Scientific Paper describing research work done using our designs of VOC analysers and electronic noses
The electronic nose applied to dairy products: a review
Sensors and Actuators B 94 (2003) 1-12
S. Ampuero, J.O. Bosset Swiss Federal Dairy Research Station, FAM, Schwarzenburgstrasse 161, Liebefeld, CH-3003 Bern, Switzerland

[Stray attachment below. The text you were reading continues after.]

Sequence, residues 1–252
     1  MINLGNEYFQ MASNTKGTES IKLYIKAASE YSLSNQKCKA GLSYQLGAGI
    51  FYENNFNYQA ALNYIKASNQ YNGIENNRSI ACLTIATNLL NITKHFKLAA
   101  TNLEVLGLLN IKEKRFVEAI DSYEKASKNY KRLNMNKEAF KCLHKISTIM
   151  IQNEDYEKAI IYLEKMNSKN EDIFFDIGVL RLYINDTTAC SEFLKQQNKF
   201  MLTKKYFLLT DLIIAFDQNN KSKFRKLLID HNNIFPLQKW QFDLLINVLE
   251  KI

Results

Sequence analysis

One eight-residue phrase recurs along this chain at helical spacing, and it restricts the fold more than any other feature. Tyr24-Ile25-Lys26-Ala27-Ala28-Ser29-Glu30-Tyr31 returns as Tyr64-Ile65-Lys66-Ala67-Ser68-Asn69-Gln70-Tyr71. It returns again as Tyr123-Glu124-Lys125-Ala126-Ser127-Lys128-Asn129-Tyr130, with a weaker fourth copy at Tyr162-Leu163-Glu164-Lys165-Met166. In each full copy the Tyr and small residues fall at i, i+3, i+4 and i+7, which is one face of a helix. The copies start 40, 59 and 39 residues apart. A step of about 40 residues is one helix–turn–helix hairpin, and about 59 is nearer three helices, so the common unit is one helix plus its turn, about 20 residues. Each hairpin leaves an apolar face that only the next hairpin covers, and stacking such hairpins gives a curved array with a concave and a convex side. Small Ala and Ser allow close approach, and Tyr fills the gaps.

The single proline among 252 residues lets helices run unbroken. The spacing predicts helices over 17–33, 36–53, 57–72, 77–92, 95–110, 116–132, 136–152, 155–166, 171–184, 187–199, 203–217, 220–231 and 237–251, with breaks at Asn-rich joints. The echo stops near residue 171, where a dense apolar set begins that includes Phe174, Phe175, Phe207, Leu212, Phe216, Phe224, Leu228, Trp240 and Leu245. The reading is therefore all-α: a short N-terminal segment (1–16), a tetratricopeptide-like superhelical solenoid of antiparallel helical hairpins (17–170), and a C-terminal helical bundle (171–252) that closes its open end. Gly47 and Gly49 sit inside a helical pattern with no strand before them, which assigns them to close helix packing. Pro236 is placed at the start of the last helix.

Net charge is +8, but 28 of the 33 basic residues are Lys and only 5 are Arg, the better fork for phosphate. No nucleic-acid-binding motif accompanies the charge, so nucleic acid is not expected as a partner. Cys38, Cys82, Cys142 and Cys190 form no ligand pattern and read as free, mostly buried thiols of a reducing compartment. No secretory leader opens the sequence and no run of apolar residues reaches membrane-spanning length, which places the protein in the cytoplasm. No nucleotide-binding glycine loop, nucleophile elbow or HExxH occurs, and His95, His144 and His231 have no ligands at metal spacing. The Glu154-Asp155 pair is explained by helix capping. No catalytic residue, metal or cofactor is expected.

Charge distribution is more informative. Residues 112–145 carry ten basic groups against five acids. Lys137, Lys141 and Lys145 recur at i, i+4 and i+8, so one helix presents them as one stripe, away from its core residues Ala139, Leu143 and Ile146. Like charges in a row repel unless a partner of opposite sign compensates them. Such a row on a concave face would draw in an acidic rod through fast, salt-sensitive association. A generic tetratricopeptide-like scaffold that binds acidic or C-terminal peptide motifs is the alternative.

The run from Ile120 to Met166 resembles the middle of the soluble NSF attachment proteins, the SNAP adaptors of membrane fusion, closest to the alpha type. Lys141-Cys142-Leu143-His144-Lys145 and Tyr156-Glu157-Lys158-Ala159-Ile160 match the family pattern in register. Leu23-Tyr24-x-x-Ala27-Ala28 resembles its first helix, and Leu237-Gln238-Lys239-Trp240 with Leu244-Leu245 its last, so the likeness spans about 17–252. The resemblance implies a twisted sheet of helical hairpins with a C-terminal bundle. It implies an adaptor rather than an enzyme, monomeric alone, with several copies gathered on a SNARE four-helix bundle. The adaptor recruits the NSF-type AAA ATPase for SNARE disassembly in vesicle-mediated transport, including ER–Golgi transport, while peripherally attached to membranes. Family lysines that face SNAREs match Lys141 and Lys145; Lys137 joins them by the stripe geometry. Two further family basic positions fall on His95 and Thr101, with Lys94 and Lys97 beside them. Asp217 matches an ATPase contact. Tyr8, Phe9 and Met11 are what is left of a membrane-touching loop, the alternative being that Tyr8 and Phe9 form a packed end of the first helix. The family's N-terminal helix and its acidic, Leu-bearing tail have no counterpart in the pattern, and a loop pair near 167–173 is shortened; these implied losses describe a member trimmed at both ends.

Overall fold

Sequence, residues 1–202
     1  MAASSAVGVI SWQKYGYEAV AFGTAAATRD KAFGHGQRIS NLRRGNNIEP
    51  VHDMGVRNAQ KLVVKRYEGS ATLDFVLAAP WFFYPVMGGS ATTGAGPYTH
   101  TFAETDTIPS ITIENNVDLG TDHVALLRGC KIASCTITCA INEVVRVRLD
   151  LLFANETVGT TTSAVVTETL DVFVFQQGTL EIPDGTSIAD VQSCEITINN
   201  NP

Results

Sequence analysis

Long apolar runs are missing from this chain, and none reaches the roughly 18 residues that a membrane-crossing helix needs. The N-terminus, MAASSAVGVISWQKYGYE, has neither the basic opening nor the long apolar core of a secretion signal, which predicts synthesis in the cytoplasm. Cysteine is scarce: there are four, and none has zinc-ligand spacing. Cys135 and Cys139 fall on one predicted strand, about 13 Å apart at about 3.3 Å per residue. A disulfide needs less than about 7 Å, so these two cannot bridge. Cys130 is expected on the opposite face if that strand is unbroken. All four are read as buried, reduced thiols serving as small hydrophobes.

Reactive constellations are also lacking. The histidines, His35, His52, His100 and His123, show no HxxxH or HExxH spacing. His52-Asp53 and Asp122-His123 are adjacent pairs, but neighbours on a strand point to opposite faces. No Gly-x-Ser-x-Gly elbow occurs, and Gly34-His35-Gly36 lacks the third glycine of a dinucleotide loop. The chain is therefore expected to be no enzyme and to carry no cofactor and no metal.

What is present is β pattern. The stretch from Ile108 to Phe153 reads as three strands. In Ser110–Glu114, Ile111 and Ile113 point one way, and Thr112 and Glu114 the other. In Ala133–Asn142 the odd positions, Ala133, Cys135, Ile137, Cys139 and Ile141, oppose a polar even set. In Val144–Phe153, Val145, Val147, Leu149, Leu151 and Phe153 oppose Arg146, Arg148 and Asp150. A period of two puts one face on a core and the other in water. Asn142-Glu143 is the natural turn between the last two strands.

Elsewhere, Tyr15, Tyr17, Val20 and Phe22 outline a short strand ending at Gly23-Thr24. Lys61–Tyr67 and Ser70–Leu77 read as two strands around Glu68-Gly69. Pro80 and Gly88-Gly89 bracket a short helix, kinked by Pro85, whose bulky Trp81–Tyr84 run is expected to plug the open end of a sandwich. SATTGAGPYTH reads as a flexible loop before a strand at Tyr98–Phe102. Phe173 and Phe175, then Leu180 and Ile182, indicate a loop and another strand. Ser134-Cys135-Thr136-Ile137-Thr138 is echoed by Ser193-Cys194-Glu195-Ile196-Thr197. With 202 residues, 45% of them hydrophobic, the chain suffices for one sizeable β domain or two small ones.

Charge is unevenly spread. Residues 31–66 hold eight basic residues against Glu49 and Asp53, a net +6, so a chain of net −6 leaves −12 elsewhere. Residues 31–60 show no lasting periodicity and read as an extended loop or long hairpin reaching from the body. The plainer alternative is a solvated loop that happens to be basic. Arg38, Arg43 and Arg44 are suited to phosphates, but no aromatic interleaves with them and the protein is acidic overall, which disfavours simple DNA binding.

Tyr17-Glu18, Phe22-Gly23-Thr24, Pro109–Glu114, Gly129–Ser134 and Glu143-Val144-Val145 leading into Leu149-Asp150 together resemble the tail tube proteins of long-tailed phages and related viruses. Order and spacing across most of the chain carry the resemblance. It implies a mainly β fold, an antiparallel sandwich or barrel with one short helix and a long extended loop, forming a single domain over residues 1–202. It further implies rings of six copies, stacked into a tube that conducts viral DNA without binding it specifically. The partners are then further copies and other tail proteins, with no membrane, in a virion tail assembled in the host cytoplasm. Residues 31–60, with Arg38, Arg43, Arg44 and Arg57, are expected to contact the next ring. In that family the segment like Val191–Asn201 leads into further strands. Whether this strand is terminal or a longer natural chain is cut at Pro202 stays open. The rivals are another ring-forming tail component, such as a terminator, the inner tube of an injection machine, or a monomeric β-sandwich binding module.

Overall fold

The state-of-the-art and current trends in the development of "aroma" analysis with electronic noses are reviewed with special reference to applications to dairy-products. Some of the reported problems with electronic noses have recently been reduced, e.g. the correction/reduction of signal drift, the influence of humidity and temperature. New promising and reproducible sensor manufacturing techniques are being implemented, e.g. electro-spray for QMB sensor production. The development of more selective and sensitive sensors, especially of QMB and conducting polymer (CP) type, should improve their applicability. Interesting novel sampling techniques, such as SPME or SBSE, offer more possibilities for the analysis of semi-volatile compounds which are generally more odoriferous. However, standard calibration procedures and reference materials are not yet available. Although they are normally less powerful than human noses, electronic noses offer some significant advantages in the analysis of volatiles, for example, in instrumental classifications based on hedonic or sensory analyses and in potentially automated on-line monitoring of volatiles. Several groups have explored the application of different electronic noses in the investigation of various aspects of dairy products. The present review includes as examples the evaluation of Swiss and Cheddar cheese aroma, the assessment of the ripening of Pecorino Toscano cheese (ewe's), the detection of mould in Parmesan cheese, the classification of milk by trademark, by fat level and by preservation process, the classification and the quantification of off-flavours in milk, the evaluation of Maillard reactions during heating processes in block-milk, as well as the identification of single strains of disinfectant-resistant bacteria in mixed cultures in milk.